Life Style

How to Get Makeup Out of Clothes, Straight From an Expert

Crushed powder and pools of liquid foundation and bronzer.

When it comes to getting stubborn makeup stains out of clothing, there’s one universal truth: We’ve been there before, and we will certainly be there many times more. If you’re a daily makeup wearer you already know that just the simplest bump or slip can cause you to drop your favorite lipstick, mascara, or loose powder on your clothes, resulting in immediate panic and the realization that maybe you just can’t have nice things.

While it’s common to stain our clothes from time to time—and not just with makeup—the good news is that we don’t have to avoid wearing our favorite pieces out of fear of ruin. We asked Lindsey Boyd, co-founder of The Laundress, for expert advice on removing stubborn makeup stains. Spoiler alert: Turns out you can have nice things.


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Oil-Based Stains

Oil-based makeup stains are some of the most common (think foundation, concealer, or creams) and there are a few tricks to ensure you’re able to remove these stains entirely. According to Boyd, the first thing you should do if you’ve got an oil-based product on your clothing is make sure the product is gone before you start the treatment process. “First, scrape away any large chunks or globs of foundation or concealer with a butter knife or the edge of a credit card,” she says, as this eliminates any extra residue that doesn’t need to be there before you start treating the stain quickly and efficiently. Boyd recommends using the Wash & Stain Bar ($7), which is formulated to lift up oily and greasy makeup smears like a magnet, as the key product.

Boyd instructs that you’ll want to run the Wash & Stain Bar under warm water and, using your fingers or a soft-bristled Stain Brush ($11), work the lather from the soap into the stain using small circular motions until you see it’s lifted to your satisfaction. “Allow the formula to sink in for a few seconds, then soak with a capful of our color-safe, chlorine-free All-Purpose Bleach Alternative and warm water for up to 30 minutes. You’ll then want to wash the fabric as normal with the hottest temperature water it can tolerate, and you can add another capful or two of the All-Purpose Bleach Alternative to the drum of the machine when washing for more stain-dissolving, brightening power.”

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Color-Rich Stains

If you’re dealing with color-rich stains from products such as lipsticks, liquid blushes, bronzers, or mascara, Boyd recommends opting for the enzyme-based Stain Solution to remove them. “Squirt a drop or two directly onto the stain or onto the Stain Brush ($11), then work the fabric in small, circular motions to coax out the stain’s pigments. Allow the formula to sink in for a few seconds, then soak with a capful of our color-safe, chlorine-free All-Purpose Bleach Alternative ($16) and warm water for up to 30 minutes.”

Similar to oil stains, you will want to wash the fabric in the hottest water that it can tolerate; you can also add more bleach if needed. Boyd recommends skipping the bleaching step altogether if you’re working with delicate or “dry clean” fabrics such as silk, wool, and cashmere, emphasizing that you should always use cool and/or cold water when soaking and washing.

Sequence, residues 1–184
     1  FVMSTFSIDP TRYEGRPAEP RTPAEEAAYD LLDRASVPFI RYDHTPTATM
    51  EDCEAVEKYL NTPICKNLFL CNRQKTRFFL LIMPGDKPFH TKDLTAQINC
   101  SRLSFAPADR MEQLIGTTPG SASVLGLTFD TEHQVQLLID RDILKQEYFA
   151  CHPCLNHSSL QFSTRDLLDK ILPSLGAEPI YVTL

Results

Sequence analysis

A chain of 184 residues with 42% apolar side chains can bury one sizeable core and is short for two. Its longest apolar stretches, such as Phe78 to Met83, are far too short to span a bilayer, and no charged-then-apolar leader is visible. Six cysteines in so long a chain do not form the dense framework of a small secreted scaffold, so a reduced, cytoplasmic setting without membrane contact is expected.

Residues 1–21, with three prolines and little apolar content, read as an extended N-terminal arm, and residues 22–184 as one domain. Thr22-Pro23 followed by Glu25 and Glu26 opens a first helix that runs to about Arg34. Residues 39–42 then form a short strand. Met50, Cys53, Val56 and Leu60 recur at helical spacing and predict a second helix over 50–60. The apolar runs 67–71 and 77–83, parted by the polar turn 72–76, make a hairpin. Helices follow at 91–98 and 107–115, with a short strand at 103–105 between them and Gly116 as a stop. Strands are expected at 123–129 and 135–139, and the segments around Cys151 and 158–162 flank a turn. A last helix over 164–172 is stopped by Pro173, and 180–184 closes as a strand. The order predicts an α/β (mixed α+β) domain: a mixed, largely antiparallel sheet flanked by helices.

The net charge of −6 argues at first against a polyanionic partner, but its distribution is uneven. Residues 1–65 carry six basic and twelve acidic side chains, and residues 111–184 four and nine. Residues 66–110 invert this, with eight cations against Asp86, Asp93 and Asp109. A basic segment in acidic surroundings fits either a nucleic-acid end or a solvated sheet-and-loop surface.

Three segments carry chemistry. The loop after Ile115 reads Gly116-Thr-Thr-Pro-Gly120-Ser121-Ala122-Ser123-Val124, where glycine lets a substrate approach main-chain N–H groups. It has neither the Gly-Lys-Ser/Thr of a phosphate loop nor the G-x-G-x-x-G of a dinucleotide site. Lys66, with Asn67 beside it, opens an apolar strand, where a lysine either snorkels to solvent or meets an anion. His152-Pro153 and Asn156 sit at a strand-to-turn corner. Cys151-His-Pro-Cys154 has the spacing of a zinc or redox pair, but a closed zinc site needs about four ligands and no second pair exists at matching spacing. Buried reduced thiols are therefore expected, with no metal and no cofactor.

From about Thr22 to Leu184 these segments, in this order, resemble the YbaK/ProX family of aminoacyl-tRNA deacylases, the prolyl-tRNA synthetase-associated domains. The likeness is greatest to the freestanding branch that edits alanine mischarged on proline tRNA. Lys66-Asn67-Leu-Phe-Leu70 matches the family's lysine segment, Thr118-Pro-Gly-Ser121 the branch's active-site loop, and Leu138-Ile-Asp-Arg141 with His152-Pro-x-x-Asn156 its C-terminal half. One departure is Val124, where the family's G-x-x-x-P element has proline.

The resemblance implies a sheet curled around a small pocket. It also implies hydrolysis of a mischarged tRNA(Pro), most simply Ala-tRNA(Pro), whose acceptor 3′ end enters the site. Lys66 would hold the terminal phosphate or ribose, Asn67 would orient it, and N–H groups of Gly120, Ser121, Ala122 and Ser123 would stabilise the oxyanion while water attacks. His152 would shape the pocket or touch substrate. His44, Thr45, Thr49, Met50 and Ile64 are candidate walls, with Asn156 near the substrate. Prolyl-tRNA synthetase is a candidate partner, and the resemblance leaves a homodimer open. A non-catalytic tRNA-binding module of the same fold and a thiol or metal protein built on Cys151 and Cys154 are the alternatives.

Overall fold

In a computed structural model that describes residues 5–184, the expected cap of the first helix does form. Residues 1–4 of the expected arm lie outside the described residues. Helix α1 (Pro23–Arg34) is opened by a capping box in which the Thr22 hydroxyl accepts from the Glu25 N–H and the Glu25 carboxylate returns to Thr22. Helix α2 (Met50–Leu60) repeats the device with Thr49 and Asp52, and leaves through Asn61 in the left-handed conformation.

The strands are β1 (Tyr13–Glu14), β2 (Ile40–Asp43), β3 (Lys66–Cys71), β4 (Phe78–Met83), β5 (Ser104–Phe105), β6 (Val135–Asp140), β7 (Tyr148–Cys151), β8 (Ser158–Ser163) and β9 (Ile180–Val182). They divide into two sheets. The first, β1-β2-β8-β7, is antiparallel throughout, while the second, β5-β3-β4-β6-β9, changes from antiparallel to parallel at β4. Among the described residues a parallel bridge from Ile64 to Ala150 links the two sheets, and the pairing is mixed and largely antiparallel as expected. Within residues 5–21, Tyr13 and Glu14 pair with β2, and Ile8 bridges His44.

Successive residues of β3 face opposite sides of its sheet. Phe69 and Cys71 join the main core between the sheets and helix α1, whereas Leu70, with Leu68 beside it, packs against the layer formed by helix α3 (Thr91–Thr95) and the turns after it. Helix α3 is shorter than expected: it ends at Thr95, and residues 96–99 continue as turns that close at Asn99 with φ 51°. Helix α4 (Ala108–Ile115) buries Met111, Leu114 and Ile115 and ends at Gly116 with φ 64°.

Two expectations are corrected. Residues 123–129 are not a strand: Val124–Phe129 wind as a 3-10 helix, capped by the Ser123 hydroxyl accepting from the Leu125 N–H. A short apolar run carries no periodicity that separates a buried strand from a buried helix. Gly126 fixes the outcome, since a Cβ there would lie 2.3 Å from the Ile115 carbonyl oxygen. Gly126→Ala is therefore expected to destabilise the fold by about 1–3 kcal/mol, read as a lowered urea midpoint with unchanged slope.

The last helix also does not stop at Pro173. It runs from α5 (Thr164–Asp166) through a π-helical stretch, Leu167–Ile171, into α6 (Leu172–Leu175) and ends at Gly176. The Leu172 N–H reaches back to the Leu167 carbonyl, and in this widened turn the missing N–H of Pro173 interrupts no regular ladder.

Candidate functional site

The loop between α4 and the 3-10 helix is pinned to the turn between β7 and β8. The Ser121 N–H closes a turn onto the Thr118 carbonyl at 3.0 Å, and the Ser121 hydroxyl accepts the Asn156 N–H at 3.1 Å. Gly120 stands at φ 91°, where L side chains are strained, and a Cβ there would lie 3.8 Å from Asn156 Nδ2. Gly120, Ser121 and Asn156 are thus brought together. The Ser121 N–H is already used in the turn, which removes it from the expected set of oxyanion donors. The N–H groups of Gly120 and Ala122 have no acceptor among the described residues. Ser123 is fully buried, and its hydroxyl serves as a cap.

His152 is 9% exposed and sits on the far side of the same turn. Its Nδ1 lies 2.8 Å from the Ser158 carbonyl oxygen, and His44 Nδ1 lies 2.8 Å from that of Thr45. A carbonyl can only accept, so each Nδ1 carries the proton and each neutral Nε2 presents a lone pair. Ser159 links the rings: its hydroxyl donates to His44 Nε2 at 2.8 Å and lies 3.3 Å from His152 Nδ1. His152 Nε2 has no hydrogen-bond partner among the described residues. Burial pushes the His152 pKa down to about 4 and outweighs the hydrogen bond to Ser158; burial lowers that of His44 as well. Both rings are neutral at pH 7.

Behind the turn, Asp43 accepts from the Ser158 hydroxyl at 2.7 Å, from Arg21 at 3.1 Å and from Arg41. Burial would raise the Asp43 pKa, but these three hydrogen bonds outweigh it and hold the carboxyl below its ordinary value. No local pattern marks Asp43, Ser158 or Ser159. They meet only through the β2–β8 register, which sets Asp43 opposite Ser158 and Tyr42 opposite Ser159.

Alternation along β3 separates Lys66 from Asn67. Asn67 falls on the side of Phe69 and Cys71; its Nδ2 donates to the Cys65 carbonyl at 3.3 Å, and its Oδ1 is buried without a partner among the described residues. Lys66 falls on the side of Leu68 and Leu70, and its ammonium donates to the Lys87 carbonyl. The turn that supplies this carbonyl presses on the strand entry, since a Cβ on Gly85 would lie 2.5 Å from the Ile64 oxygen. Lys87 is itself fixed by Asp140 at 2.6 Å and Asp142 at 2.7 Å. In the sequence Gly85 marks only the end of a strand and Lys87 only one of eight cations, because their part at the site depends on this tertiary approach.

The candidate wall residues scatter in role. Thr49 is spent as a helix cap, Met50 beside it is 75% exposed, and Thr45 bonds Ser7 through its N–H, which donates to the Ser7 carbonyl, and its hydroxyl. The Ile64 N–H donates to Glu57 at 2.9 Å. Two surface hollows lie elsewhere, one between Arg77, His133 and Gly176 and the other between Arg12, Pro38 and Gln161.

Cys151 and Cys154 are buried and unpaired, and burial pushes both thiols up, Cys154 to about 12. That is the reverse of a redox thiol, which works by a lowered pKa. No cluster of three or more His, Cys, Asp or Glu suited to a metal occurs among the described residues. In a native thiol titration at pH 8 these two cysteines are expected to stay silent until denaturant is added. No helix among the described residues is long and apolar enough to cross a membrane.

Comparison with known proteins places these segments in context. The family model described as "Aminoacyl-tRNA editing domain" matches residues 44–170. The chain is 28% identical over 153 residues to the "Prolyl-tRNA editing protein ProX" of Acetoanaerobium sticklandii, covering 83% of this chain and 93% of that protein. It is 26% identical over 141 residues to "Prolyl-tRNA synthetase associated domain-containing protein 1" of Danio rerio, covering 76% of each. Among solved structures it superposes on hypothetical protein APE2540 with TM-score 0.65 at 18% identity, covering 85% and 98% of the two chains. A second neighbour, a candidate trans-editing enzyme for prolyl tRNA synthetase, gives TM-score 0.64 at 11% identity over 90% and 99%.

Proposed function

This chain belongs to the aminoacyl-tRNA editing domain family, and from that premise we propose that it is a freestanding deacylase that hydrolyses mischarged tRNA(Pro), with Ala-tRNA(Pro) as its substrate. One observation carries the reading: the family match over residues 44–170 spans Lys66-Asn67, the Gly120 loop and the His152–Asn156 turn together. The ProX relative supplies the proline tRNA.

What about products like lipgloss or lip oil? Maybe your favorite gloss or lip oil leaked when you weren’t paying attention or was left in a pocket and went through the washing machine on accident. When it comes to these types of makeup stains, Boyd recommends the combination of the Stain Solution and the Wash & Stain Bar ($7).

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Oil and Grease Stains

Oil and grease stains can spread easily on fabric but are mostly still contained to specific areas. Examples of oil and grease makeup stains include certain types of foundations, liquid products, or face and body oils. The treatment for these types of stains is quite straightforward. If you’re on the go and need something to rectify the situation right away, Boyd says that using the Wash & Stain Bar and Stain Brush ($11) should do the trick. When looking for a brush, It’s important that the bristles you’re using are gentle enough for all of your fabrics. Harsher bristles can sometimes cause pilling and rips in the fabric if you’re using too much pressure or the fabric is delicate.

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For Delicate Fabrics

Have a favorite cashmere sweater that’s got some unfortunate makeup stains? Not a problem. The key to treating delicate fabrics is handwashing them or placing them in mesh washing bags that help protect the fabric and prevent snagging during a machine wash cycle. Using a mesh bag is also ideal if your washing machine has an agitator. While handwashing might not be something you’ve tried, the process is quite easy once you get the hang of it, and you might even prefer it for your favorite items.

Examples of fabrics you’ll want to consider handwashing are silk, lace, and delicate synthetics. Boyd reiterates that you’re going to want to use cold and/or cool water when working with more delicate fabrics and recommends the Delicate Wash or Wool and Cashmere Shampoo ($20), which is specifically formulated for your favorite cashmere and wool items. Have a stain that just won’t quit? “A good tip to remember is if a stain has not lifted from the fabric completely after wash, do not dry it in the dryer—it’ll set the stain in,” says Boyd. “Repeat the stain removal and wash process again until it’s gone.”

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